The amazing, often less obvious, aspect of this new component, is the way an attack is received and responded to. This, is neurological. It is the kind of training which allows us to re-organize the way we respond to threats…and it takes time to learn it.

 

This is hard to explain to kids, so in training we use terms like “respond to an attack with the same or less power” or “receive it, embrace it, send it on its way.” In short, this approach forces us to control our impulses, and as a result we also de-escalate a conflict. All this, without words – using the simplicity and honesty of body language. This is what I mean by “appropriate.” The ability to quickly identify and quantify a possible conflict, manage our inner reactions to it, and be able to choose the responses that lead to a safe and swift resolution of that conflict. This, of course, takes PRACTICE.

 

Although this kind of training does increase a student’s confidence, most importantly it increases the student’s respect for all human values. By not trying to “win” over another human being, we enter a subtle conversation of understanding, empathy, and mutual respect – the trademarks of an evolved society. By not trying to “prove” that one is better than the other (which is a very subjective concept anyway, due to our so many physical, mental, emotional differences), we can engage in a learning process otherwise locked and inaccessible.

 

Yes, in time students learn combat skills, however, this is not the goal of the training I pursue, but rather a side-effect. The goal is to train in such a way that learning and growing occurs at all times, while also paying very close and respectful attention to our training partners. Besides, if we were to prove ourselves better than someone else, someone would end up hurt….and who would we train with next time we went to practice?

 

In Aikido, the person on whom the technique is applied (we throw them and they fall, roll, or be pinned down) is called Uke. Ukemi, is the art of receiving a technique, but it also has the meaning of “receiving body.” One of the meaning of this is that basically, in training, Uke – our partners – are offering their bodies to us as a gift, allowing for the mutual opportunity to explore and learn.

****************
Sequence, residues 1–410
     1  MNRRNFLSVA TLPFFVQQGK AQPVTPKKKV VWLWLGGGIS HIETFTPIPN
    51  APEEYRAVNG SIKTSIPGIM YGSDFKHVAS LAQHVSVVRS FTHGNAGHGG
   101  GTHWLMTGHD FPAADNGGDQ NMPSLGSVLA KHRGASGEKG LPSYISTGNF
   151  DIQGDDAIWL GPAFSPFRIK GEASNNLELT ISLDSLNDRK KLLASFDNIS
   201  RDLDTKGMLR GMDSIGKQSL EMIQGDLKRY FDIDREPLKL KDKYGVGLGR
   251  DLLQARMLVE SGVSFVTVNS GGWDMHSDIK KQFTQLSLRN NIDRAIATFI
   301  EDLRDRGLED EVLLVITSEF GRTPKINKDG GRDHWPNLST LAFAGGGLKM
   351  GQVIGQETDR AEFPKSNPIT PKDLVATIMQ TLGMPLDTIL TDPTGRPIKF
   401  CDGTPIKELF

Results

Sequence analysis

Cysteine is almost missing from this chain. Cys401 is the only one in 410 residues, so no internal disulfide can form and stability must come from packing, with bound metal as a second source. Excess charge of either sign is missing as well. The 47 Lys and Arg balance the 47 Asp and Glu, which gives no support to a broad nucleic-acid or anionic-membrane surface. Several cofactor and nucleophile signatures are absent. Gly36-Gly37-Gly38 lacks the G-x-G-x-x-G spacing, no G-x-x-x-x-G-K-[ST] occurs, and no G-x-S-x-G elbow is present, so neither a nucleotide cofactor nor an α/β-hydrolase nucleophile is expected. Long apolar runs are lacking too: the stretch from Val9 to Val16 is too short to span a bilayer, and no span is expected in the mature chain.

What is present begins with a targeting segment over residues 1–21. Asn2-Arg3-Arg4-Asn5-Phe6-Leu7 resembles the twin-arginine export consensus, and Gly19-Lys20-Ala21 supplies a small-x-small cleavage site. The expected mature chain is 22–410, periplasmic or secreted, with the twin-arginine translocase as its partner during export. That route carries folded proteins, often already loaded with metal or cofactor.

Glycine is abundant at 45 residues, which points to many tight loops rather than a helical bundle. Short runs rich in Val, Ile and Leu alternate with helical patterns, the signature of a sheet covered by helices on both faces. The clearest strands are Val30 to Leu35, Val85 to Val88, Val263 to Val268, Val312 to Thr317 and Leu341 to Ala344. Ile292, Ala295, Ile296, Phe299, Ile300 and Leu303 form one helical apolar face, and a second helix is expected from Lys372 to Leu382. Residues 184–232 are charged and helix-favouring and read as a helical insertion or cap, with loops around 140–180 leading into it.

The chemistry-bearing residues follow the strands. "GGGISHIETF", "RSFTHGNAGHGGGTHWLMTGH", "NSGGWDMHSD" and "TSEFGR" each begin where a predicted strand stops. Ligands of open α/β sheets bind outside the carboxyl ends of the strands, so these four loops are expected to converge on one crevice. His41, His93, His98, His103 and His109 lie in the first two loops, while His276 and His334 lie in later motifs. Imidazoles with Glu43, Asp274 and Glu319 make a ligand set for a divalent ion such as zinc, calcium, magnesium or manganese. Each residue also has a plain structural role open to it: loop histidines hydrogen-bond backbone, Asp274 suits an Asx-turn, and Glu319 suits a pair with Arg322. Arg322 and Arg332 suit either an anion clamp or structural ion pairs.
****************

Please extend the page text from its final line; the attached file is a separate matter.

As in all deeper arts of being a human, such a gift must be always honored and received with the outmost respect. It is a rare gift, and its core essence – TRUST – must never be broken.

 

As we train, on that core essence of trust, the students progressively build self-confidence. This leads to self-empowering, which allows people to always face adversities with the fundamental knowledge that they can come back up even after they fall. Again and again, the practice of falling, teaches the method of rising.

 

I often like to think in metaphorical imagery, so to me, each Aikido technique happening between two partners, is a Phoenix Event: we lose our balance, we fall, we correct, then we rise. This is Life, condensed in a few seconds, and it is the building block of self-confidence and resilience.

~ Bogdan Heretoiu, December 2016 (Updated July 2017)

Freelance Writer/Filmmaker, Aikidoka, and Full-time SuperDAD.